I recently met with one of our college administrators who just joined Second Life, to give them a few minutes of over the shoulder time to get them up to speed, and have a chat while we were at it about some of the ways we see working together to enable Second Life for our students and Faculty. They brought up that as they were creating their character at home, their daughter saw that they were doing so and commented "Oh, you're using Second Life? I think its kind of creepy." The administrator went on to explain this was primarily because of the adult side of Second Life being what was known to her daughter about the space, no doubt because this is the aspect of the world large exposure media focuses on. This led us into a discussion of the public nature of Second Life, and what pros and cons that seems to present.
I brought up Project Wonderland, and told the administrator that its possible to spawn your own instance of an open source server with many benefits re: scalability, privacy, etc.- But then also talked briefly about the idea that we could remove our students from the messiness of random interaction that is more likely when the virtual people you interact with are strangers without a campus affiliation and role to define (control) them, but is that really what we want to do? So many of Second Life's communication and learning affordances have to do with access to ideas, ways of thinking, learning cultures that aren't like our own- and I think if the chaos and messiness weren't there, we'd actually kind of miss it. I definitely think we don't yet know enough either way to make this decision for our organization.. after all, we're a team of community colleges- access to all is what we're all about.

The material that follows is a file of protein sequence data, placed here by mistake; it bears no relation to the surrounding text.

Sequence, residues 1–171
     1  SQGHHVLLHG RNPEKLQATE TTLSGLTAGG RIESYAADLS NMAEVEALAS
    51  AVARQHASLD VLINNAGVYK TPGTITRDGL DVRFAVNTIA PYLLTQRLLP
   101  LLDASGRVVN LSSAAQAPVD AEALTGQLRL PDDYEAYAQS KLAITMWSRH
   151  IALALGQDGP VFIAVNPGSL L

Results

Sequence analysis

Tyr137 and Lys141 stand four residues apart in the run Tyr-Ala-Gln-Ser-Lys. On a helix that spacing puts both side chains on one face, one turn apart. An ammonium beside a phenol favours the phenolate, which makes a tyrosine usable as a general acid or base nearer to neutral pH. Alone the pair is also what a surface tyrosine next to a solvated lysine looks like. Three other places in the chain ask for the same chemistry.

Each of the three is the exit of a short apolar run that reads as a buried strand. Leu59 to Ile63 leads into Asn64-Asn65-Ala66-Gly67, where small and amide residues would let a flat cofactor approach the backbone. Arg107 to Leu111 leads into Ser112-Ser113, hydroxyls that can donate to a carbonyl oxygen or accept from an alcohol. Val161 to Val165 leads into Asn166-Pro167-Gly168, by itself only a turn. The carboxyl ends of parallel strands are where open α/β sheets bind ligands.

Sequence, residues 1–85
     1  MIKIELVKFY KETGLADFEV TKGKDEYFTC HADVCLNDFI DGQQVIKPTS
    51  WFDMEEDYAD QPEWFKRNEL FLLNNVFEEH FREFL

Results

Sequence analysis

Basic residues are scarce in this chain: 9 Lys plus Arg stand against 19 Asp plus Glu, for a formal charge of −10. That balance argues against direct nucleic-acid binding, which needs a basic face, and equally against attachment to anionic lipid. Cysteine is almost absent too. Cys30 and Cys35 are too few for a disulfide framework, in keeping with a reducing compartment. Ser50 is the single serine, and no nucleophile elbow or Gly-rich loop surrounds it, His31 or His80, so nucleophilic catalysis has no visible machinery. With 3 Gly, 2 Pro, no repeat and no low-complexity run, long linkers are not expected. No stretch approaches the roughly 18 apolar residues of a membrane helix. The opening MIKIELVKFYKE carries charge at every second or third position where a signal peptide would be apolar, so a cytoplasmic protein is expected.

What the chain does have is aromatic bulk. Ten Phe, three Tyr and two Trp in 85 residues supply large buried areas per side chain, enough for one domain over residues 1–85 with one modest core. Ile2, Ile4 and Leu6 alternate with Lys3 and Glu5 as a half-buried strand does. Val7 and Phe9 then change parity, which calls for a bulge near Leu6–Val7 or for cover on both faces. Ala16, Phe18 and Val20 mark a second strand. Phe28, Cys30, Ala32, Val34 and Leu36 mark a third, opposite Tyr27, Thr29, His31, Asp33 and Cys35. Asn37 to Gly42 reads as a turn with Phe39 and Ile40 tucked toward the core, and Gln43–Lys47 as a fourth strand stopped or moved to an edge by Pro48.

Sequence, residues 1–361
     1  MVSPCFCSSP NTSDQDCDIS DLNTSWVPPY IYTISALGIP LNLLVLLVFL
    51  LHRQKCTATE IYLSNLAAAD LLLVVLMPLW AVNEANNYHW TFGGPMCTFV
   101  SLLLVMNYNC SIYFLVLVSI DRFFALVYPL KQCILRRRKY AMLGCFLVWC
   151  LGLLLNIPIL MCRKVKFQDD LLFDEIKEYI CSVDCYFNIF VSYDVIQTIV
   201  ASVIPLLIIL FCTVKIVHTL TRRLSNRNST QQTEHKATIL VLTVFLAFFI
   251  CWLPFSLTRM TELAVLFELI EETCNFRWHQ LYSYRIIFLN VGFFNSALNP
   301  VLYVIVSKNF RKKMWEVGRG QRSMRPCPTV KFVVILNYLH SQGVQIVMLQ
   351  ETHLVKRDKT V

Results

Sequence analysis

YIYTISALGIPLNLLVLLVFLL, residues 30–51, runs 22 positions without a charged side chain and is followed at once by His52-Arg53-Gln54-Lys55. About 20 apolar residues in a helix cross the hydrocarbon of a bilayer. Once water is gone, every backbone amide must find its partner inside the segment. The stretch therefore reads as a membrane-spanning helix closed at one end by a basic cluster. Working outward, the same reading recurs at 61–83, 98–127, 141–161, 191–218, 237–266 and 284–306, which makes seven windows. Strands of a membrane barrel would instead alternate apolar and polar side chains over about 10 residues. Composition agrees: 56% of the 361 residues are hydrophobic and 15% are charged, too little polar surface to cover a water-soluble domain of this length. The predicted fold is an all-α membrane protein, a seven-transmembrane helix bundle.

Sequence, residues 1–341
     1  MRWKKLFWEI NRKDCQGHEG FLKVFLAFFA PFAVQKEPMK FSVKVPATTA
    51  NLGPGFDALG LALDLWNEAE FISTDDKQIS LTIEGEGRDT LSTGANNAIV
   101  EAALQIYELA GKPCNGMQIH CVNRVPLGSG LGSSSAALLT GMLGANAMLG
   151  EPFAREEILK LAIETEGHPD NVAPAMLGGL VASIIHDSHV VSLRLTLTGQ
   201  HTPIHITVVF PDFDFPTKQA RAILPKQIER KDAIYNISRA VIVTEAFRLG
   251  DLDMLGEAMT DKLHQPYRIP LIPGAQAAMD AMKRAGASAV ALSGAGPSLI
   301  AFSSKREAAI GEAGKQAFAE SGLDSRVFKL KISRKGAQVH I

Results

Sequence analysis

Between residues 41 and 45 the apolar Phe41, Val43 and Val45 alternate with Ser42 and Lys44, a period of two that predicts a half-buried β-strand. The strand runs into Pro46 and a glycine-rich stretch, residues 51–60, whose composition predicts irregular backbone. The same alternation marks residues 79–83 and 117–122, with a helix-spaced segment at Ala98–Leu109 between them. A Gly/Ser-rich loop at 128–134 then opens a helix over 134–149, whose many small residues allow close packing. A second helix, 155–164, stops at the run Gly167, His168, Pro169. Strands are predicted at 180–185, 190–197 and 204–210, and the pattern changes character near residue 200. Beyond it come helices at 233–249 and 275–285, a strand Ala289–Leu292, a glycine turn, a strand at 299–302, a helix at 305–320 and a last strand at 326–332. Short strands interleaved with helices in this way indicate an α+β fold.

When we participate, feelings are effected, but pixels can re-render- no avatars die. Our classrooms and real-world physical campuses hopefully offer a level of safety and comfort- how do we offer this to our virtual students, faculty and staff, considering the anonymous and open nature of Second Life participation? What about some current learning theory that states we learn more from conflict and failure than we do from safety and success? Our island is open to the public, we have a sandbox, but we also have groups that enable greater access and abilities on the island with affiliation. How is this the same/different from what we do on physical campuses?
Such a huge thing to think about really. It's a multi-faceted issue, as most are when regarding our residence in the Metaverse. I just want to boil down to finding the best way to inform our students that Second Life (like the real world) has some creepy aspects, but overall, it's absolutely NOT a creepy place.